Environmental Justice Conference
Brings Emerging Scholars to F&ES

The day-long Global Environmental Justice Conference brought emerging scholars from around the world and from across disciplines to discuss how scholarship, social justice, and environmental management can be effectively integrated.
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Judy Sirota Rosenthal
As a professor of environmental studies at Swarthmore, Giovanna Di Chiro takes issue with the idea of “impact.” Part of the higher education and nonprofit vernacular, the term conjures up images of explosions, craters, or Newton’s cradle desk toys. It is a word that, when used to describe environmental activism or an initiative, leaves out the concept of environmental justice entirely, she says.
 
“Activists and scholars in the environmental justice movement are committed to building relationships of collaborative engagement, grounded in reciprocity,” says Di Chiro. “We ask ourselves: For whom are our impacts positive?”
 
Di Chiro was the keynote speaker at the Global Environmental Justice Conference, hosted by the Yale School of Forestry & Environmental Studies (F&ES) on November 15. The day-long event, part of the Environmental Justice and Health Initiative at F&ES, brought emerging scholars from around the world and from across disciplines to discuss how scholarship, social justice, and environmental management can be effectively integrated.
 
The conference featured panel discussions on a range of topics, including extractive industries and human rights, environmental governance, climate change adaptation, and engaging with multiple knowledge systems. Each panel discussed the human elements associated with these environmental challenges. They also discussed how marginalized groups, often most vulnerable to these challenges, are often left out of the decision-making processes.
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Judy Sirota Rosenthal
From left: F&ES Dean Indy Burke, Graciela Chichilnisky, Yale President Peter Salovey
The event featured panelists from five countries and 14 different U.S. states, and included scholars from 36 different academic institutions.
 
“It’s exciting to see the depth and interesting level of scholarship happening everywhere and even more exciting to feature the wide range of perspectives on how to solve problems,” said Amity Doolittle, a senior lecturer at F&ES and co-chair of the conference. The other co-chair was Michelle Bell, Mary E. Pinchot Professor of Environmental Health at F&ES.

In one discussion, a panel of scholars and practitioners examined the complex interactions between policymakers or program managers and local communities — from the Peruvian Andes to the gentrifying neighborhoods of New York — when it comes to “green development.”
 
Jamie Haverkamp, a research fellow and lecturer at the University of Maine, described her research in the Peruvian highlands, where state officials have imposed solutions to increased glacial melt that ignore local traditions and ways of knowing. She called for another kind of adaptation that respects these differences and promotes solutions that are designed from “below.”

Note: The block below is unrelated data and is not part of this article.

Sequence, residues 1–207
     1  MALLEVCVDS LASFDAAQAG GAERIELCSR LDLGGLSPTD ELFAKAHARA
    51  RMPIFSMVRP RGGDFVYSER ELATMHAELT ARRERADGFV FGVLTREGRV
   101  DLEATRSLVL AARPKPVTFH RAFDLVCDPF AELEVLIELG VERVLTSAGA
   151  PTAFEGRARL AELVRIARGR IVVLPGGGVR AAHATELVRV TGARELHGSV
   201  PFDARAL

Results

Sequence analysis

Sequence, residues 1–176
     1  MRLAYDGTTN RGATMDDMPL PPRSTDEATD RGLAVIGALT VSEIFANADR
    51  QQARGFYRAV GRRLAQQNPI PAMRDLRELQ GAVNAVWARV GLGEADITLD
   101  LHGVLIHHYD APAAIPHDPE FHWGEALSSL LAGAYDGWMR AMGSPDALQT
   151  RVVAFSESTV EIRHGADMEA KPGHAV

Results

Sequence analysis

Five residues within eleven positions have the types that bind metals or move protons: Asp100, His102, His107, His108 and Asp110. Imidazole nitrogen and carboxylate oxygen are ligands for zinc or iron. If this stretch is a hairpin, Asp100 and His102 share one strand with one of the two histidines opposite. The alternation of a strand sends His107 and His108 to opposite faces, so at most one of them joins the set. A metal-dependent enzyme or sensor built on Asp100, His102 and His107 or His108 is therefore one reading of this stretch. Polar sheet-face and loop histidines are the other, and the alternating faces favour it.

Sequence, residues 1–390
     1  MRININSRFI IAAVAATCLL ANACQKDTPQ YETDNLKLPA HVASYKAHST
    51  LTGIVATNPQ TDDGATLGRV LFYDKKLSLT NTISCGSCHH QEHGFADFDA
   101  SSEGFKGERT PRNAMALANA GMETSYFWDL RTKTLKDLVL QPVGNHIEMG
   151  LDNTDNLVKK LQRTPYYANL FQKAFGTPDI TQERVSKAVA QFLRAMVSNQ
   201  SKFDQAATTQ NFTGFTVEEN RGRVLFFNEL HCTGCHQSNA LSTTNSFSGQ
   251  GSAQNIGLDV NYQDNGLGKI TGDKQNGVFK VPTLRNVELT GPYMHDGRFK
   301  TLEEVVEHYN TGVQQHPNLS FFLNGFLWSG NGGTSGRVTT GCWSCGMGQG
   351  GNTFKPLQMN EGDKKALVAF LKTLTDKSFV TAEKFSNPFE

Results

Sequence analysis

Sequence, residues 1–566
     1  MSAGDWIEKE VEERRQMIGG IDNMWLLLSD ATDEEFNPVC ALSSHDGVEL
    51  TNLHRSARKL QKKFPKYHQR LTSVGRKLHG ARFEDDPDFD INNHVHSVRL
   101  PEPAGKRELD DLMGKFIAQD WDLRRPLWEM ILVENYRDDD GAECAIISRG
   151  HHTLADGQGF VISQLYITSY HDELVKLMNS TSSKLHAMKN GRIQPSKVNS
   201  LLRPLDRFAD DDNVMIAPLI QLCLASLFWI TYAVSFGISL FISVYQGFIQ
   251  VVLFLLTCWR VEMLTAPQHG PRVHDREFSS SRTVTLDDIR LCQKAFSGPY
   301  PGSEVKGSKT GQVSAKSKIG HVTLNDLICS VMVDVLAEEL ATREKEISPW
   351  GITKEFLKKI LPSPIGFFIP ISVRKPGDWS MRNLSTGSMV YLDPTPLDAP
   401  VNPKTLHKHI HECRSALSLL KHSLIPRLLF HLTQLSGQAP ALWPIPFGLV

It’s important to be open to “dangerous conversations” when circumstances bring together groups or individuals steeped in different ways of being, said Mohamad Chakaki ’06 M.E.M., a senior fellow at the Center for Whole Communities, a Vermont-based organization that works with institutions, communities, and leaders to bridge differences and solve problems. Achieving meaningful solutions, he said, requires sincerity, respect, and awareness.
 
“Our leadership practices and frameworks build capacity at the individual, organizational, and community level to deepen awareness, embrace differences, and value relationships that make change possible,” he said.
 
During a panel on “Risk, Resilience and Climate Change,” Kate Burrows, a doctoral student at F&ES, explained how landslides in Indonesia have displaced residents and negatively affected their mental health. Low- and middle-income countries such as Indonesia often face the worst effects of our changing environment, yet they have very limited capacity to recover and move forward, she said.
 
As researchers look for solutions, Burrows stressed the need to include those most affected in the process. “The data doesn’t belong to us,” she said. “Researchers need to realize that just because we do the work doesn’t mean we have a say in how it’s used.”
 
In addition to the four panels, the conference also featured a poster session. Emerging scholars presented research in the areas of urban environments, land and sea dispossession, human health and the environment, and environmental justice in practice.
 
The conference was held in honor of Natasha Chichilnisky-Heal, a Ph.D. candidate in political science at Yale University who died in 2014. Natasha focused her doctoral research on environmental justice issues related to natural resource extraction in the developing world. Natasha’s mother, Graciela Chichilnisky, established The Graciela Chichilnisky Environmental Fund with a generous gift to F&ES, which funded the conference and will fund future environmental justice conferences at Yale.
Our leadership practices and frameworks build capacity at the individual, organizational, and community level to deepen awareness, embrace differences, and value relationships that make change possible.
— Mohamad Chakaki, senior fellow, Center for Whole Communities
 
PUBLISHED: November 25, 2019
 
Note: Yale School of the Environment (YSE) was formerly known as the Yale School of Forestry & Environmental Studies (F&ES). News articles posted prior to July 1, 2020, refer to the School's name at that time.

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